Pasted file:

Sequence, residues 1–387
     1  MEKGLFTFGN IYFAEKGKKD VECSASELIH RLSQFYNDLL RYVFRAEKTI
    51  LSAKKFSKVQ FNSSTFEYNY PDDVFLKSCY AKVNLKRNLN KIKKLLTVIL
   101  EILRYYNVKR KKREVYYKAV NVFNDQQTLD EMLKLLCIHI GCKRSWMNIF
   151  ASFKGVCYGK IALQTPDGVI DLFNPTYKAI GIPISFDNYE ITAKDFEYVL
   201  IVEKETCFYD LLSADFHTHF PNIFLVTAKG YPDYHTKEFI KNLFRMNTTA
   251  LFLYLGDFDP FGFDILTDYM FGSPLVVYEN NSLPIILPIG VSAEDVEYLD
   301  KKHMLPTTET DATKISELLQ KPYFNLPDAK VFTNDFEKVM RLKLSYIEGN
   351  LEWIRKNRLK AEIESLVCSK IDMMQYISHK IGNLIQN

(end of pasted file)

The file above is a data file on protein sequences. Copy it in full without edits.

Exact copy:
Sequence, residues 1–387
     1  MEKGLFTFGN IYFAEKGKKD VECSASELIH RLSQFYNDLL RYVFRAEKTI
    51  LSAKKFSKVQ FNSSTFEYNY PDDVFLKSCY AKVNLKRNLN KIKKLLTVIL
   101  EILRYYNVKR KKREVYYKAV NVFNDQQTLD EMLKLLCIHI GCKRSWMNIF
   151  ASFKGVCYGK IALQTPDGVI DLFNPTYKAI GIPISFDNYE ITAKDFEYVL
   201  IVEKETCFYD LLSADFHTHF PNIFLVTAKG YPDYHTKEFI KNLFRMNTTA
   251  LFLYLGDFDP FGFDILTDYM FGSPLVVYEN NSLPIILPIG VSAEDVEYLD
   301  KKHMLPTTET DATKISELLQ KPYFNLPDAK VFTNDFEKVM RLKLSYIEGN
   351  LEWIRKNRLK AEIESLVCSK IDMMQYISHK IGNLIQN